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Editor's Choice

The pressures of pregnancy

BMJ 2014; 348 doi: (Published 16 April 2014) Cite this as: BMJ 2014;348:g2789
  1. Trish Groves, head of research
  1. 1The BMJ
  1. tgroves{at}

In most developed countries except, notably, the United States, women are delaying parenthood for longer and longer. In England and Wales the latest data show that the mean age of a mother giving birth was at an all time high of 29.8 years in 2012 and that women aged 40 or over had the fastest rising fertility rate. Against this backdrop Kate Bramham and colleagues have explored a surprisingly under-researched area: the risks of pregnancy for women with chronic hypertension (doi:10.1136/bmj.g2301).

Their systematic review found that women who were hypertensive before or at the start of pregnancy had high pooled average incidences of all adverse outcomes of pregnancy. The findings withstood subgroup analyses by factors such as gross national income per capita and prevalence of multiple pregnancy and congenital abnormality. The study yielded as many questions as answers: why exactly does hypertension put mothers and babies at higher risk? It’s not all down to a greater propensity to pre-eclampsia, and analysis of the results by parity, maternal age, and ethnicity did not identify an underlying cause either.

In a linked editorial Tine D Clausen and Thomas Bergholt note that the risks of chronic hypertension in pregnancy are on a par with those in women with type 1 diabetes (doi:10.1136/bmj.g2655). “What can we do to prevent the adverse outcomes related to chronic hypertension during pregnancy?” they ask. “Even now, the simple and depressing answer is ‘not much.’” More research really is needed, not least to define a standard international definition of chronic hypertension in pregnancy: at what blood pressure level should women and their doctors be worried, and is it OK to relax if there’s no proteinuria? We don’t know, but we should definitely care.

On the other hand, are medics paying too much attention to the risks of gestational diabetes? Kenneth K Hodson and colleagues don’t think so. Responding to last month’s Too Much Medicine article, they argue that the overall decline in perinatal mortality makes reducing morbidity increasingly important and justifies the identification and treatment of more women for relatively less benefit (doi:10.1136/bmj.g2690). Women should be given the choice, they assert, rather than the medical profession, “which takes a global, rather than individual, view of worthiness.”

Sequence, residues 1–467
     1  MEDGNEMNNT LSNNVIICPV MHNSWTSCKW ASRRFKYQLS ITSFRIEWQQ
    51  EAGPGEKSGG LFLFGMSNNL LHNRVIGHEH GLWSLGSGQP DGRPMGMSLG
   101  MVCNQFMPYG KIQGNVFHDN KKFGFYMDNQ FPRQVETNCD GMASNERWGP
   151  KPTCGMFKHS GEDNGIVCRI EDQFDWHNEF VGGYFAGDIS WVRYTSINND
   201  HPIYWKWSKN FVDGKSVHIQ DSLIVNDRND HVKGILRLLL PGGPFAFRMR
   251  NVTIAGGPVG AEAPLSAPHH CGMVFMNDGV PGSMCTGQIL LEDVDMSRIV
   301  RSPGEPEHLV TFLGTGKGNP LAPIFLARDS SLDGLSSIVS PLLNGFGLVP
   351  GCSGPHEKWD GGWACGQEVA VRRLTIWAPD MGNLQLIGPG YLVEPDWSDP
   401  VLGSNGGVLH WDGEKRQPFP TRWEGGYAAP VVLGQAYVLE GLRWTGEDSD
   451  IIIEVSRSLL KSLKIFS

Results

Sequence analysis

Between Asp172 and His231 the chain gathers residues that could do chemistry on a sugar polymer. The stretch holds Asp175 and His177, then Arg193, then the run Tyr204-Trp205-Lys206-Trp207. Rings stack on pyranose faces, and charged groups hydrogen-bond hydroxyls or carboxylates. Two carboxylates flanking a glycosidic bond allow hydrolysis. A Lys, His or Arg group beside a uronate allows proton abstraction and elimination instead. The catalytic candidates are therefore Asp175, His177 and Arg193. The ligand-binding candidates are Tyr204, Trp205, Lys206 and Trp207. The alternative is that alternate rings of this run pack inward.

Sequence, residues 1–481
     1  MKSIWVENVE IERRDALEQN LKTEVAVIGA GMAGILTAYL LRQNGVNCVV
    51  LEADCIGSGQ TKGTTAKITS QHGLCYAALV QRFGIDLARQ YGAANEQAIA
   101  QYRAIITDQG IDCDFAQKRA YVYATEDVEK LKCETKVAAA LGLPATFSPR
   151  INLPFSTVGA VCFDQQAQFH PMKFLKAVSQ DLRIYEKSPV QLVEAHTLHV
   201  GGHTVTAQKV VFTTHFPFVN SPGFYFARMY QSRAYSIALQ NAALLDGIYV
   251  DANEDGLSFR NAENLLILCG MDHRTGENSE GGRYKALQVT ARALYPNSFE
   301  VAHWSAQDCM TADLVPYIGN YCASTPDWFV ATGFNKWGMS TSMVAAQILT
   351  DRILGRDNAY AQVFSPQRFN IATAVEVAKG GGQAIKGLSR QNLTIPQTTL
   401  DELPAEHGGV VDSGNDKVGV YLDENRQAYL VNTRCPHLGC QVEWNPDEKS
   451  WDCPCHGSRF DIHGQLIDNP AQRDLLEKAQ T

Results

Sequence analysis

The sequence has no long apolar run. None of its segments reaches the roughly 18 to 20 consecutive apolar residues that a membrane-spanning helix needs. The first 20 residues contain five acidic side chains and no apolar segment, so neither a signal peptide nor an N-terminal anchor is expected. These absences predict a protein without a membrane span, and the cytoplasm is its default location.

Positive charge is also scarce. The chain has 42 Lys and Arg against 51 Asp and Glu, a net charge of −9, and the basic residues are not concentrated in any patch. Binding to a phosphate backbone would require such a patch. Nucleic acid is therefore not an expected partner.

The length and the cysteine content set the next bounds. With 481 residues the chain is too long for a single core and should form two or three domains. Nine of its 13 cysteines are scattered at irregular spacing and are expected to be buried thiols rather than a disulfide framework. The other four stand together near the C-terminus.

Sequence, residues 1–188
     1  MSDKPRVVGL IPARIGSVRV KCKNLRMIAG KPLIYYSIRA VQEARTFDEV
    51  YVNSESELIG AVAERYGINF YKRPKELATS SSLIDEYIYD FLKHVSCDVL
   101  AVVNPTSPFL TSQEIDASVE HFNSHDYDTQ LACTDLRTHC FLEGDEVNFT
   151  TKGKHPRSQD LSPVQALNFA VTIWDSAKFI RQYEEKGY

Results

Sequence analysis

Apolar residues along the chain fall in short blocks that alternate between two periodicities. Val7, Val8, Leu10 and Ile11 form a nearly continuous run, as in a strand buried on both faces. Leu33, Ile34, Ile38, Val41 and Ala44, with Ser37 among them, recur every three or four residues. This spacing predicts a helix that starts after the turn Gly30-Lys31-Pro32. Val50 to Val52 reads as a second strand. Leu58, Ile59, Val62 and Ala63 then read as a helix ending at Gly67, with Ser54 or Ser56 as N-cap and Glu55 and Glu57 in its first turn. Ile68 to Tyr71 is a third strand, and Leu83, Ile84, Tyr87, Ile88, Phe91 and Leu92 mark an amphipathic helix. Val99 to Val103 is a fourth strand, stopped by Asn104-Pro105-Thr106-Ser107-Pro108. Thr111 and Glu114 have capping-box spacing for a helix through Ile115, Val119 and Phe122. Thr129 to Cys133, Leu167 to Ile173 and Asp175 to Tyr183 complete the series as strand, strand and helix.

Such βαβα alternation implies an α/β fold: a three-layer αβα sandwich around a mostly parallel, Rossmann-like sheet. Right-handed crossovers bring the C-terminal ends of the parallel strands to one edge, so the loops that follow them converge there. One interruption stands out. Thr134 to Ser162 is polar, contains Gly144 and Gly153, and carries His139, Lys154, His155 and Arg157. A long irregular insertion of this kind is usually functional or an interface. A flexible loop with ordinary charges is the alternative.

In reply, Edmond A Ryan and colleagues defend their argument that newly proposed international diagnostic criteria will double or triple its prevalence in the absence of evidence of clinical or cost benefit (doi:10.1136/bmj.g2692). Of course, women should be given a choice about intervention in gestational diabetes, they say, but it’s unhelpful to use terms that are “fraught with emotion such as ‘risk of her baby dying’” when the risk is so low, and a more rational and less emotional approach seems desirable.

And so to the fraught topic of teenage pregnancy. The good news, says Sophie Arie (doi:10.1136/bmj.g2561), is that Britain’s notoriously high rates have suddenly dropped, and it looks like the Labour government’s well funded and extensive 10 year strategy to halve the rate of teenage conceptions from 2000-10 has paid off. The number of 15-17 year olds getting pregnant in England and Wales started to fall significantly in 2008. By 2010 it had dropped to the lowest level since records began in 1969, and by 2012 it was down to 27.9 in 1000. But Alison Hadley, who headed up that national strategy, is worried that progress may stall—and not just because the current government has dismantled or disinvested in many of the necessary services: “We have extreme sexualisation of things, but young people would still say they’d feel embarrassed about asking about contraception.” Politicians and educators: more rationality and less emotion, please.


Cite this as: BMJ 2014;348:g2789


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